Forget the wallet, because clients ask, “How can I quit my job?”

Long before what became known as the Great Resignation, Lisa Brown said she helped clients get out of corporate America as fast as possible.

“I’ve seen a lot of clients who have spent their careers in corporate America and the burnout was real, and it was most evident in higher paying professional jobs,” said Brown, a partner at CI Brightworth Private Wealth.

Brown, whose clientele is mostly business executives, said she’s seen many times how a low-stress environment can benefit people and add years to their lives. “After someone retires and comes into the office, you see it every time. They are sitting in their chair, their shoulders relaxed, the wrinkles have disappeared from their face and in many cases they have lost weight,” she said.

“They have more time to take care of themselves. I saw tremendous value in the quality of life of my customer experience,” she said.

Many of her clients, like the millions of workers who have begun to reevaluate their lives during and after the pandemic, are fed up with their working lives as they know it, she said. “They put their hands up and said, ‘I’m done. I want to spend my time doing more than working,” said Brown, who, along with Susan Bradley of the Sudden Money Institute, participated in a panel titled “The Great Resignation and Unretirement,” at the Invest In Women conference last week. in Atlanta, sponsored by Financial Advisor.

Over the past two years, Brown said she’s had many conversations with clients about their discharge deadline and what’s next for them. “Sometimes it’s us who initiate the conversation, but more often it’s the customers,” she says. “That’s what they want to talk about, not so much their wallet.”

She said clients have to deal with many factors, such as the housing market, aging and gray divorce, that push them to make new decisions that they thought were already in place. “There are all kinds of things brewing in this climate of uncertainty,” she said, noting that not retiring is one of the biggest challenges for people who have already left the world of the company.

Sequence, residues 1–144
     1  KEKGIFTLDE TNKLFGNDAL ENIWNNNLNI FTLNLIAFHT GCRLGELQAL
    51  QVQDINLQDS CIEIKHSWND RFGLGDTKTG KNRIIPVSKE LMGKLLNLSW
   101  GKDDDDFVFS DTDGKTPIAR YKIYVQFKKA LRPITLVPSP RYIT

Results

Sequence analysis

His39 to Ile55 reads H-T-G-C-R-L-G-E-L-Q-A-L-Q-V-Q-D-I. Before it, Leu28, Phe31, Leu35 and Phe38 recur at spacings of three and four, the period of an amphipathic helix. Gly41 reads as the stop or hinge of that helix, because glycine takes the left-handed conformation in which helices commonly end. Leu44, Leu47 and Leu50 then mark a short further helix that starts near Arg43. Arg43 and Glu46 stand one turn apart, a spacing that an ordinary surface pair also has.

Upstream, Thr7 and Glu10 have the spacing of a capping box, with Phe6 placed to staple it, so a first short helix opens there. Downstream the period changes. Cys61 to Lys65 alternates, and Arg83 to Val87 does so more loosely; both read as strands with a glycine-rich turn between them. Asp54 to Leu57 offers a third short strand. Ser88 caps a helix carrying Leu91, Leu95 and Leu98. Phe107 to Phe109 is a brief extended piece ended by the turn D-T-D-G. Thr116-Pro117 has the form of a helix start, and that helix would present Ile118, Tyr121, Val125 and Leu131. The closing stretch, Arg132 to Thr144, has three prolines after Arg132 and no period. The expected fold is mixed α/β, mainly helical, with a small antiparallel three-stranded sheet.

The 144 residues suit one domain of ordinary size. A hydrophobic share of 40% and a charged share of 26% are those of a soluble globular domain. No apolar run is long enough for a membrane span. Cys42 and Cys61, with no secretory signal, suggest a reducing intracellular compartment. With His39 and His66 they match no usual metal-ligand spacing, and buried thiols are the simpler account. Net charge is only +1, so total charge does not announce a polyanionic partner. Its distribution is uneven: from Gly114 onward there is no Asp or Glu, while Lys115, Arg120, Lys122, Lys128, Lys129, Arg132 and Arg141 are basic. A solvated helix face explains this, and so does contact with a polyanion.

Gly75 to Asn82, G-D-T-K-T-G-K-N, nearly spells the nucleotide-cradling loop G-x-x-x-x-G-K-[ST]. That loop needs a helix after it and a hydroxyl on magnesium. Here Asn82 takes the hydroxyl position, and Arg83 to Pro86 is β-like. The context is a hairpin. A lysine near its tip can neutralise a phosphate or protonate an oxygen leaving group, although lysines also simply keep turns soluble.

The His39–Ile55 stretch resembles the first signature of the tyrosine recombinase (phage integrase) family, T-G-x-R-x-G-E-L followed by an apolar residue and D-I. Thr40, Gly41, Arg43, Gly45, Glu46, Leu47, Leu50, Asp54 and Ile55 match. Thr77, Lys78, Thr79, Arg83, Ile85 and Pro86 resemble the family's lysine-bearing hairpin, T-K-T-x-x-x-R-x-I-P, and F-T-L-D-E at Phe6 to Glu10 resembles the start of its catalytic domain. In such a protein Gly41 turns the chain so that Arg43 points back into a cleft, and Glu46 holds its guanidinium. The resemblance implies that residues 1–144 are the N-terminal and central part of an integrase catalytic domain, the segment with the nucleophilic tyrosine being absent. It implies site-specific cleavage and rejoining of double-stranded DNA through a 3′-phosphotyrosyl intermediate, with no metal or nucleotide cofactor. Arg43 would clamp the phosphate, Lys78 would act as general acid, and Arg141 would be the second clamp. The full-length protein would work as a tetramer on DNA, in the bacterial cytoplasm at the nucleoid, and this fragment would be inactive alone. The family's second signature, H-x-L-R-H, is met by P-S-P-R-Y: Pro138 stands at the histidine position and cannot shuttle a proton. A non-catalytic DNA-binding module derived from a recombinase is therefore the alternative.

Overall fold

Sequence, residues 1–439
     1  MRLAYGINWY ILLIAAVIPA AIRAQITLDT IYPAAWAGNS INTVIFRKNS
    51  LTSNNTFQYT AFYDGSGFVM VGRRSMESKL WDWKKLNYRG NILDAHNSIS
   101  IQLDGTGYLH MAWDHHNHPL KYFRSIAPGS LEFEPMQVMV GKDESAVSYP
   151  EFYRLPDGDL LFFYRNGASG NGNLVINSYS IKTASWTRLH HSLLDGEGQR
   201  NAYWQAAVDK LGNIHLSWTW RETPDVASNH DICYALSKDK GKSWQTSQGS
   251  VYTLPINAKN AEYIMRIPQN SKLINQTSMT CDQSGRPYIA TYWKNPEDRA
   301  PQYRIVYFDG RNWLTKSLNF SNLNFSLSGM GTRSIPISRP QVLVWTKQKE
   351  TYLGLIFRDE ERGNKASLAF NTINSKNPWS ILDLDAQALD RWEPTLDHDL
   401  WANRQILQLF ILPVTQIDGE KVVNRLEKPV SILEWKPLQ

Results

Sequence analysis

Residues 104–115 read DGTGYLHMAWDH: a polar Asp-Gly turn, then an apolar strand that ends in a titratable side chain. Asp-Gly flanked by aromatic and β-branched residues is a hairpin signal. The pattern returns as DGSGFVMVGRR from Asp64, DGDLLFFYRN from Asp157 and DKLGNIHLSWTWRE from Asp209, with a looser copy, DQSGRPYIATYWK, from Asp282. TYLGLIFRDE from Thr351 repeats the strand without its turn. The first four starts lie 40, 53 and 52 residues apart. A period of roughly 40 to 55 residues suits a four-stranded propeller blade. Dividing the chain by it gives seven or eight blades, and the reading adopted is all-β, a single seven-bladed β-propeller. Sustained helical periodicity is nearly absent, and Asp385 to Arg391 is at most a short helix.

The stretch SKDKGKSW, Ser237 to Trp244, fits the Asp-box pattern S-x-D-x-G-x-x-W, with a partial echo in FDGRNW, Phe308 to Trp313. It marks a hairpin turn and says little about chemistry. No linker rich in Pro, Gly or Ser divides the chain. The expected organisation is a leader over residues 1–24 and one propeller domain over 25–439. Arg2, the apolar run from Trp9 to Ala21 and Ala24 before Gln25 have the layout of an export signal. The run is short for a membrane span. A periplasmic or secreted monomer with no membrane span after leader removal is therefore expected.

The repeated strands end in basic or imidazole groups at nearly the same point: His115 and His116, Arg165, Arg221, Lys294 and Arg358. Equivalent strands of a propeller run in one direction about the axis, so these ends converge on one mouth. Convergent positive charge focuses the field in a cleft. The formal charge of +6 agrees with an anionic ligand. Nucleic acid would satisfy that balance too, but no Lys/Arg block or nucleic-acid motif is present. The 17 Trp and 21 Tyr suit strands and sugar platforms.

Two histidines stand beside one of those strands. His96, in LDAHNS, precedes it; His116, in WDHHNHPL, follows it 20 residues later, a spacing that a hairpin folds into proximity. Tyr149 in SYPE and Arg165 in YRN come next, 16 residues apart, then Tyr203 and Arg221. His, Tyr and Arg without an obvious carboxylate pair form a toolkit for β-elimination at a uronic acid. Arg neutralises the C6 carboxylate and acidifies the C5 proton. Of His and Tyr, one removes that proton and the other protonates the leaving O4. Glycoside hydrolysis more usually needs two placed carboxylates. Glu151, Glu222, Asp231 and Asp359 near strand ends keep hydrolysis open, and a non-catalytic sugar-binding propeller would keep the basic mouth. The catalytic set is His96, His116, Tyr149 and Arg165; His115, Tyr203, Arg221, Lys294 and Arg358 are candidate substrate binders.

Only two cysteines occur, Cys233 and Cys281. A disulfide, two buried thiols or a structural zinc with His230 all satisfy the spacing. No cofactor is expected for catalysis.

For these people, she says, the feathers suddenly hit the fan. “The money that was supposed to be there to support them isn’t there, especially if they didn’t have a financial planner to help them make that decision,” she said.

Brown said she sees more and more people moving from full-time corporate jobs to the gig economy. She said that as soon as these “high-achieving professionals” announce their resignation or retirement, their phones start ringing nonstop, with other companies offering them consulting positions. “Some of these clients have decided to start their own LLC, take on certain projects as they wish, and that’s great and they’re happy with it,” she said. “He provides that nice bridge between a big paycheck and no paycheck.” Additionally, Brown said, there is a network of gig economy workers who provide counseling services.

She relayed the example of one of her clients who, years ago, had a stressful job in aviation. He went fishing for six months and didn’t take any calls, but when he got back he got several voicemails offering him jobs as a consultant. This client, Brown said, is someone who spent money faster than he thought, even with the great financial planning he had had for years. “But he took six months off to decompress and he pressed the reset button,” she said, noting that it was a story of no successful retirement.

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